The CHOW Blog rss

Insights, tips, and restaurant reports from CHOW editors and Chowhound.

Corn Pudding for the Harvest Months

Corn pudding, a savory casserole with a custard base and lots of corn kernels, is a favorite during the harvest months, and a Thanksgiving staple for many Chowhounds.

Ina Garten’s Sagaponack corn pudding is made with ricotta and cheddar. “Something about the fresh basil and the cheese, it always is a crowd pleaser,” says juli5122. This corn-chive pudding is “a good combination of savory and sweet,” according to lesliedm3. another_adam finds it quite sweet, so halves the sugar called for.

Querencia makes an easy version: Pulse a bag of frozen corn kernels, thawed, in a food processor. Beat 2 eggs with a cup of milk, 1/2 teaspoon salt, 2 tablespoons vegetable oil or melted butter, and 1/4 cup Bisquick, then stir in the corn and 9 ounces shredded sharp cheddar. Bake in a buttered casserole at 350°F until brown on top, about 45 minutes.

Board Link: Corn Pudding for Thanksgiving

Cocktail Perfection, Found in Translation

The Atlantic’s food blog takes a trip to Japan where—no real surprise here—some exceedingly masterful bartenders work their magic on a daily basis. Washington DC–based sommelier Derek M. Brown does a good job of capturing the magic of a master at work:

“My cocktails are not Eastern variants, but simple, well-crafted drinks that bear the mark of a technician. Sometimes [bartender Hidetsugu Ueno] even brings out a thermometer to check the temperature of a cocktail. His White Lady, a signature drink culled from the classics, is made without egg whites but has the glistening texture of a melting brook with tiny, broken shards of ice.”

As a West-goes-East-to-encounter-West story, Brown’s cocktail essay is an engaging read. And a bit intimidating, to boot:

“The bartenders at these legendary barrooms are known for their ability to carve an ice ball whose brilliance rivals 500-carat diamonds and shake a cocktail so hard that it registers as a seismic event.”

Sardine Ideas Packed like, erm …

There are essentially two things you need to know about sardines, says tatamagouche: “You can eat them out of the can. And they’re yummy.” Gio also likes to eat sardines out of the can, but adds that they’re great as a topping for a tossed salad, or sometimes as a sandwich with mustard, sliced tomato, thinly sliced onion, and lettuce.

fmed has two ways to eat sardines: over steaming rice, or quickly folded into freshly boiled pasta and seasoned to taste. “I like to add salt and a squeeze of lemon juice or a swish of vinegar,” says fmed. Evilbanana11 marinades thinly sliced onion in vinegar and sugar, and serves them with sardines out of the can—best eaten with slices of toasted baguette. Chopped parsley, coriander, and hot pepper flakes are all welcome additions.

sueatmo likes them with good mustard on crackers (cherry tomatoes and a glass of ginger ale complete the private pleasure of this meal). Passadumkeg works as a sea kayak guide, and eats tons of sardines out of the can when in the field. “I don’t even bother with utensils,” says Passadumkeg. “Pop the top, dig in with fingers, enjoy, and rinse can and fingers in sea when done. Simple and delish.”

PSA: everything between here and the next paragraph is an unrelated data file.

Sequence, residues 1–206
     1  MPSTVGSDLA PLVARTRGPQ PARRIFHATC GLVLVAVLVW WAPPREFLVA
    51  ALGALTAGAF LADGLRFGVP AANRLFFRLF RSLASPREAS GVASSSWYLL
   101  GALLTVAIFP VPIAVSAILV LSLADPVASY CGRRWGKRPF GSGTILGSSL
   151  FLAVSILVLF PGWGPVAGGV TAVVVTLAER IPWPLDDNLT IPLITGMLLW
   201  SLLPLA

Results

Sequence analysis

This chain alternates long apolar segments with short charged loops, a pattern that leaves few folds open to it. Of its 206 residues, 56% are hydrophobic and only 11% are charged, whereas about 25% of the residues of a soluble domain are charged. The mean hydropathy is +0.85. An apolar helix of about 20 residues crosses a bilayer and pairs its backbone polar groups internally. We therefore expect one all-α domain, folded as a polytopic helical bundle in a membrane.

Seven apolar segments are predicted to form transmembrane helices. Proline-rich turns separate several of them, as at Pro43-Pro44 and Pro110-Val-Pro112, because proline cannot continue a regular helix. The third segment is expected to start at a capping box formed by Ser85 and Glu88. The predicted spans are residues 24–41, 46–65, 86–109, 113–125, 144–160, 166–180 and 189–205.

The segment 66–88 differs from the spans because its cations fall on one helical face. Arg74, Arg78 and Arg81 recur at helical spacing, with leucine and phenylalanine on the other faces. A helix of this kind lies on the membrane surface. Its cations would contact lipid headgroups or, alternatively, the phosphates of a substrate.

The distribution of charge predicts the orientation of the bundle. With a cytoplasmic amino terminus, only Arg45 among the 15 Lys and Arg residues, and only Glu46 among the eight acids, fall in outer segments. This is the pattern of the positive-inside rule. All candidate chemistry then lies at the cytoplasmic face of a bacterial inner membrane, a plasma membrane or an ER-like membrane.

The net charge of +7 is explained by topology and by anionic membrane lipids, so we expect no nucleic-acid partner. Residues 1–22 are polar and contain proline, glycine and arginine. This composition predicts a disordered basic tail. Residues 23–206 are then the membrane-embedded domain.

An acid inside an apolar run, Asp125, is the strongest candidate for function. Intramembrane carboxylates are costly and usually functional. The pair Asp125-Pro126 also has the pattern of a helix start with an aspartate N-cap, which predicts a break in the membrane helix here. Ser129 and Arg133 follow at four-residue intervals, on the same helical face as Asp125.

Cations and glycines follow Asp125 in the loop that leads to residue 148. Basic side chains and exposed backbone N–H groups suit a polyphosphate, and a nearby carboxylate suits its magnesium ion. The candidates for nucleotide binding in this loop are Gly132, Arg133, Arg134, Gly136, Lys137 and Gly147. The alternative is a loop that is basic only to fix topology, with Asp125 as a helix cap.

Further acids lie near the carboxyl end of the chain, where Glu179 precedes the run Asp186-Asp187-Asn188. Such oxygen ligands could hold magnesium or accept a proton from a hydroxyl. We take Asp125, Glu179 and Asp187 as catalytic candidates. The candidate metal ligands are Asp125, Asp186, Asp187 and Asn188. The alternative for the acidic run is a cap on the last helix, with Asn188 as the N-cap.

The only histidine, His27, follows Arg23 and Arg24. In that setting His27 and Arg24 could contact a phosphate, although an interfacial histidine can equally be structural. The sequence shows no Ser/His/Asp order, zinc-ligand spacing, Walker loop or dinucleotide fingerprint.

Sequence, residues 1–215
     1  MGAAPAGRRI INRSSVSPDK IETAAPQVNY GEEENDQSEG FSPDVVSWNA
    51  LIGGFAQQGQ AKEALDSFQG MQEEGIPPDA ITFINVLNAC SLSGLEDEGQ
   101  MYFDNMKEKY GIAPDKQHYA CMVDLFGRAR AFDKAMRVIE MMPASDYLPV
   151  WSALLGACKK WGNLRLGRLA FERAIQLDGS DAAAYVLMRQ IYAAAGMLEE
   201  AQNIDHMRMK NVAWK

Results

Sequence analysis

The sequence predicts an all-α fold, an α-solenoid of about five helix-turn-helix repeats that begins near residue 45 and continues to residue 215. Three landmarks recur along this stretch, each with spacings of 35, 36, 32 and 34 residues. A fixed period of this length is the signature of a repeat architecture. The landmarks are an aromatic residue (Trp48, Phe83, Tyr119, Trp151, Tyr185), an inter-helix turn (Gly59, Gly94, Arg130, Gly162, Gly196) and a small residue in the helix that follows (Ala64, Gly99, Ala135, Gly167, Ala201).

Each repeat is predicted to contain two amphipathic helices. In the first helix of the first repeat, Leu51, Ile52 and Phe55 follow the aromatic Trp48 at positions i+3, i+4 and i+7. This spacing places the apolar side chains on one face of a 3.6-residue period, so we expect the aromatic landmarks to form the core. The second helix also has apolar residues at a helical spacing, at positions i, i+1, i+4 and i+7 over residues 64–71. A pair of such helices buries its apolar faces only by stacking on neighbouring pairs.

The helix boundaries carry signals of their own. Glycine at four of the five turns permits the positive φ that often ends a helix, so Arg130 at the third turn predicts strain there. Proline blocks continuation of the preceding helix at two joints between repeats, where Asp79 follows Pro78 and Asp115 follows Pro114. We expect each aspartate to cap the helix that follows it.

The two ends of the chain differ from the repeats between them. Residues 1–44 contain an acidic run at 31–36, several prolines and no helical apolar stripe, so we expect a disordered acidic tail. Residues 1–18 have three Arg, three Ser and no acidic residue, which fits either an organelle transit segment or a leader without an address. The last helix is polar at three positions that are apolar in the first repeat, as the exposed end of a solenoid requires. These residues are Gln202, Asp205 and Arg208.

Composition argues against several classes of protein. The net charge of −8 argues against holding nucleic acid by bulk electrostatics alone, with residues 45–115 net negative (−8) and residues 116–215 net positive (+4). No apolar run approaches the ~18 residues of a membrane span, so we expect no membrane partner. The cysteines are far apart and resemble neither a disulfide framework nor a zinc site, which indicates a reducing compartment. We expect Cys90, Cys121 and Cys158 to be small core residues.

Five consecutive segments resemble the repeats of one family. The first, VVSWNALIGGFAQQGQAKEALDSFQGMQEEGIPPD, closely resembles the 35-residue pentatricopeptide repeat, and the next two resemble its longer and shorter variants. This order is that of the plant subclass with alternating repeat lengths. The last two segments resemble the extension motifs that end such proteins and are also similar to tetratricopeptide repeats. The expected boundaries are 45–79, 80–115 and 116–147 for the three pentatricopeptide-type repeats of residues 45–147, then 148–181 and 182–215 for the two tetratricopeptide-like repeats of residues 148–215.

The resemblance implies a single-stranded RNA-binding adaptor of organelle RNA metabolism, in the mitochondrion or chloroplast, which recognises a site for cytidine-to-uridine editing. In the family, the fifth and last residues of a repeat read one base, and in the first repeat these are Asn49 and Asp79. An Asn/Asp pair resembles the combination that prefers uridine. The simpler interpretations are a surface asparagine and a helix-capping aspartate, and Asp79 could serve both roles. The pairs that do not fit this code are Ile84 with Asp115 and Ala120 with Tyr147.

Board Link: Question about sardines…

Big Red Sugar Rush

A sugary soda familiar to Texans but exotic to the rest of us is Big Red, which Honeychan describes as tasting like bubble gum and cotton candy. “I pity the soul who must live without Big Red,” says slewfoot. “We even have Big Red Slurpees at 7-Eleven here.”

The company also makes Big Peach, Big Punch, Big Honey Lemonade, and Big Red Vanilla Float, though most of those are sold in very limited markets. Big Red Vanilla Float is fantastic, says slewfoot. Cheflambo thinks that “the reason stuff like Big Red and Dr. Pepper comes from Waco is because the city is a hotbed of Baptist temperance—without alcohol, their vice of choice is sugar.” Cheflambo still remembers the sugar buzz from his first taste of Big Red, “and yes, for those of you who’ve never had it, it tastes just like liquid bubble gum.” Like strawberry bubble gum, to be specific, says slewfoot.

Board Link: Big Red?

Campfire Cook-a-Long

Chowhounds keep it simple and local when cooking in the outdoors. “I bring some fresh herbs and a fishing pole,” says ultraminimalist Lenox637. Passadumkeg enjoys a more involved variation on the same concept. “The weekend before last, we put lobsters, clams, potatoes and corn on the cob on top of a layer of seaweed on top of the Cobscook State Park camp site grill, added another layer of seaweed, and let her steam” for half an hour—while drinking beer, of course, says Passadumkeg. That’s pretty much the recipe for a real downeast shore dinner.

funklight goes in the other direction with a Dutch oven. “I’ve made pot pies, casseroles, pasta, roasted chicken and fish, crusty bread, and fantastic biscuits and gravy. I can’t wait to try pizza in it now,” says funklight. “The very best part is the delicious seasoning that builds up over time on the iron. Like reliving meals past every time you use it.”